A vaccines expert has said doctors should not 'mix and match' different types of Covid jabs and that waiting for a second does will mean better immunity for patients.
The warning came after Britain's guidance for its coronavirus vaccine rollout was quietly updated to say that a 'mix and match' approach to vaccine administration is 'reasonable' to complete the two-dose schedule in specific circumstances.
Speaking on BBC Radio 4's Today programme, Deputy chairman of the Joint Committee on Vaccination and Immunisation (JCVI), Professor Anthony Harnden said: 'Our current advice is to use the same vaccine for both doses.
Deputy chairman of the Joint Committee on Vaccination and Immunisation (JCVI), Professor Anthony HarndenInsurance Loans Mortgage Attorney Credit Lawyer
'However we have studies ongoing to look at mixing vaccines and when we see the data for those and are secure about the data, then we may be recommending mixed vaccines,' he added.
Two vaccines have been given the emergency green-light in the UK - one developed by Pfizer and the other by AstraZeneca with Oxford University.
Both are shown to be more effective at protecting a person against Covid-19 when administered through a two dose programme.
The updated guidance - first reported in the New York Times on Friday - states that it is 'reasonable' for an individual to have a different type of vaccine for their second dose in the event the same vaccine that was given first is not available, or unknown.
'Individuals who started the schedule and who attend for vaccination at a site where the same vaccine is not available, or if the first product received is unknown, it is reasonable to offer one dose of the locally available product to complete the schedule,' guidance from Public Health England now reads.
Scientists have warned against a 'Mix and Match' approach that has been called 'reasonable' in PHE guidance - that could see an interchangeable approach to vaccine administration in some instances when an individual returns for a second dosage
However, scientists and experts have spoken out against the guidance that contradicts information from other countries' health bodies - including the United States' Centre of Disease Control (CDC).
On the Interchangeability of COVID-19 vaccine products, the CDC states: 'These mRNA COVID-19 vaccines are not interchangeable with each other or with other COVID-19 vaccine products.
'The safety and efficacy of a mixed-product series have not been evaluated. Both doses of the series should be completed with the same product.'Insurance Loans Mortgage Attorney Credit Lawyer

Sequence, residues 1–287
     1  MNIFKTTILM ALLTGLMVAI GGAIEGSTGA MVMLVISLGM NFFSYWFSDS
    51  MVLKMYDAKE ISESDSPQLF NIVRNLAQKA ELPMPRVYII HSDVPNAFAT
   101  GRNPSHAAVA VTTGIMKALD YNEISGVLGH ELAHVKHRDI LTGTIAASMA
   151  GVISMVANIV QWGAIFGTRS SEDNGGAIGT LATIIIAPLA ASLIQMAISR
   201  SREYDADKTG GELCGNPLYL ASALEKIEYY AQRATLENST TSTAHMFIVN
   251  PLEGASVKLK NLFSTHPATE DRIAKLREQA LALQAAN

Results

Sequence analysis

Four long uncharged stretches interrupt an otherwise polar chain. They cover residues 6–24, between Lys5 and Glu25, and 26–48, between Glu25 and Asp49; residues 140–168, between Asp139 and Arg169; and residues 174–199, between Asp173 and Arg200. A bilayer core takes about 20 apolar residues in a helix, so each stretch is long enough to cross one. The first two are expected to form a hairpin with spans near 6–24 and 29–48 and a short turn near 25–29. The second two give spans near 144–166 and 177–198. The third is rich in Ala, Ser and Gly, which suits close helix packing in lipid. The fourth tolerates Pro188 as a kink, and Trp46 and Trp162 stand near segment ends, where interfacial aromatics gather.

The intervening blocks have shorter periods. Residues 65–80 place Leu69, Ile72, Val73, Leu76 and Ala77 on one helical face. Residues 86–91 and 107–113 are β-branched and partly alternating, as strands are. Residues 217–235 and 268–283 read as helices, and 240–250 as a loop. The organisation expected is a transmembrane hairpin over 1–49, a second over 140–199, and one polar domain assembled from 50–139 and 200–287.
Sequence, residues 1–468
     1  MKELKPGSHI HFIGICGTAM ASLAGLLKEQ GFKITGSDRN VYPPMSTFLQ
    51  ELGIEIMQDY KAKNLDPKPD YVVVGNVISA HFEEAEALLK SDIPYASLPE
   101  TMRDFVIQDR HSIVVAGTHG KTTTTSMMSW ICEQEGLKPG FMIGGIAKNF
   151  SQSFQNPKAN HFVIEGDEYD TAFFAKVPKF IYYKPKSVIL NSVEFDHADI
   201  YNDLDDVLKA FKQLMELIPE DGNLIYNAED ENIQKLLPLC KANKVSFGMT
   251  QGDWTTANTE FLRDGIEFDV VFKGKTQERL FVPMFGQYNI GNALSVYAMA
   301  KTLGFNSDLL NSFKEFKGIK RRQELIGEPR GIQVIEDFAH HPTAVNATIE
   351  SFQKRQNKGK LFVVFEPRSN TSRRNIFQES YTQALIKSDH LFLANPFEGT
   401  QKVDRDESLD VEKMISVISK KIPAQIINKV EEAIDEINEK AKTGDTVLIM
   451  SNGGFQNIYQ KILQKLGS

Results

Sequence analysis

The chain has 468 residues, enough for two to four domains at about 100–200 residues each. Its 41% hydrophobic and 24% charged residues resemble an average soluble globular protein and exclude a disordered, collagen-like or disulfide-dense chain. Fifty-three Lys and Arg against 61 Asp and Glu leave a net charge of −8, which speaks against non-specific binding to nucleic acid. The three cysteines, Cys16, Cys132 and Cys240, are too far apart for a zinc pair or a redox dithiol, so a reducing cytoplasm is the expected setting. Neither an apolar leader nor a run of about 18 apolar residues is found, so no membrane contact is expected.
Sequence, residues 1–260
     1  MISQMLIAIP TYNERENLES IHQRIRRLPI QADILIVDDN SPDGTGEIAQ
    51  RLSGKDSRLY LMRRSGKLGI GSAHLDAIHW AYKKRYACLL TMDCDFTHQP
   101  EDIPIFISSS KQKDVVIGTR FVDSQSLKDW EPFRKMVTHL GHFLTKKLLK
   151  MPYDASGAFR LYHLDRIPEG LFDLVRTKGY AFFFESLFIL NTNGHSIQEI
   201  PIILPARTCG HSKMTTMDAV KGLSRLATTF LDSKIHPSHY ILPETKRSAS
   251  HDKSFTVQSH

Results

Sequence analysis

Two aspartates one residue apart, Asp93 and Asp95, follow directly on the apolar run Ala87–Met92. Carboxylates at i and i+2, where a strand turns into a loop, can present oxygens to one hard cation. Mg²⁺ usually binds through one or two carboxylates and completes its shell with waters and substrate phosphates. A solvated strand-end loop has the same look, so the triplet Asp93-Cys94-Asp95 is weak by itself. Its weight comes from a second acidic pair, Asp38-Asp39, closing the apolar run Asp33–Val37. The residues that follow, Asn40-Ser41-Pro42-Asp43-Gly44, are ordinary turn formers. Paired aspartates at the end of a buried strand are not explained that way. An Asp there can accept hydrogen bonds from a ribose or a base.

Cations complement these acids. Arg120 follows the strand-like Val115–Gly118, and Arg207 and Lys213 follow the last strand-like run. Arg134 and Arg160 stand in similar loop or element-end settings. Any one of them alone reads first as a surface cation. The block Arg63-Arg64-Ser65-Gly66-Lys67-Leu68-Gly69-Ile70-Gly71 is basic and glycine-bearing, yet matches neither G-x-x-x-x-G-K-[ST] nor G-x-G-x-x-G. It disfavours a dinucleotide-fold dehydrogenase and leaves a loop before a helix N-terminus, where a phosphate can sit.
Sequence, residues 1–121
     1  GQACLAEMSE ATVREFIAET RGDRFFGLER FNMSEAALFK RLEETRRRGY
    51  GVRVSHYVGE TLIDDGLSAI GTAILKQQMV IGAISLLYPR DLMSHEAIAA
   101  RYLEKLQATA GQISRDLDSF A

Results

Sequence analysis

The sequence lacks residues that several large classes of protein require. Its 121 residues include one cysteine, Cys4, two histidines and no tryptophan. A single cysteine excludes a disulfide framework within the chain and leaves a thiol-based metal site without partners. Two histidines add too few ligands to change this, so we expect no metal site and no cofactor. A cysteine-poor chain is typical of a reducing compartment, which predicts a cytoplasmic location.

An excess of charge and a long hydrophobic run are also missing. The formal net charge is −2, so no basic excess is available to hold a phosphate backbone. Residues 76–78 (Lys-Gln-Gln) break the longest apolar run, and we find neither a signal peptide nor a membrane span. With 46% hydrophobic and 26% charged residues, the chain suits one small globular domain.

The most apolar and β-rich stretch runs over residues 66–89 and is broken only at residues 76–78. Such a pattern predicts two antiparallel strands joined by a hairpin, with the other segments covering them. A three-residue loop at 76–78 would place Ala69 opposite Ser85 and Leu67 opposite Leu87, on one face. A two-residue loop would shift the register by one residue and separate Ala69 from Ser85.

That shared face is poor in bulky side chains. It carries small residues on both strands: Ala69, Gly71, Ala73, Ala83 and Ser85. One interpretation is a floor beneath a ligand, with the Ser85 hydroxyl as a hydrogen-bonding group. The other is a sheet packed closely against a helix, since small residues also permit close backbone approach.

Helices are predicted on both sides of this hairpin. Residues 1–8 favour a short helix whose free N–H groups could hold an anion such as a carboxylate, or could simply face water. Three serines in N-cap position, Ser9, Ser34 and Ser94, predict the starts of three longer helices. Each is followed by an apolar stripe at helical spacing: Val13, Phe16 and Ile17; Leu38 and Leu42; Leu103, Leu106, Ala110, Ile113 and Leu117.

John Moore, a vaccine expert at Cornell University, told the New York Times that there is 'no data on this idea whatsoever,' adding that officials in Britain 'seem to have abandoned science completely now and are just trying to guess their way out of a mess'.
In a statement given to the MailOnline, Dr Mary Ramsay, Head of Immunisations at Public Health England, said: 'We do not recommend mixing the COVID-19 vaccines. If your first dose is the Pfizer vaccine you should not be given the AstraZeneca vaccine for your second dose and vice versa.
'There may be extremely rare occasions where the same vaccine is not available, or where it is not known what vaccine the patient received. Every effort should be made to give them the same vaccine, but where this is not possible it is better to give a second dose of another vaccine than not at all.'
When asked to comment by the New York Times, officials at Public Health England reportedly pointed to similarities between the two vaccines that have been approved, adding that clinical trials into the approach would start later this year.
Pictured: Margaret Keenan - the first person to receive the Pfizer coronavirus vaccine - returned to hospital this week to receive her second round of the Covid-19 vaccine
Vaccine firms have rejected the Government's warnings of jab supply gaps lasting months, claiming there will be enough doses to hit the Government's ambitions targets (file image)
Speaking on the Today programme, Professor Harnden also defended Government plans to delay the second dose of the Pfizer/BioNTech coronavirus vaccine from three weeks to 12 weeks after the first jab, saying a longer wait can protect patients more effectively.
Prof Harnden told the show that patients he had dealt with accepted the move, stating: 'When it was explained to them that the vaccine offers 90% protection for one dose, and the priority was to get as many people vaccinated in the elderly and vulnerable community as possible, they understood.
'I think the country is all in this together. And, I think we really, really want to pull together to try and do the best strategy possible.'
He went on to explain that it a delayed second dose has been shown to be better at protecting patients: 'It's clear from looking at the data that from the Pfizer vaccine after one dose after 14 days is 90 per cent,' he said.
'If you actually look at the Oxford vaccine data it looks like the protecting is better the longer the second dose is delayed.'
Chairman of the Royal Institution and Imperial College Healthcare Sir Richard Sykes, also speaking to the Today programme, said he had 'no problem' with the new strategy of having patients wait longer for the second dose.
'It's all in their diaries and I think the decision to give two dose, one then another 12 weeks apart, is absolutely fine. I have no problem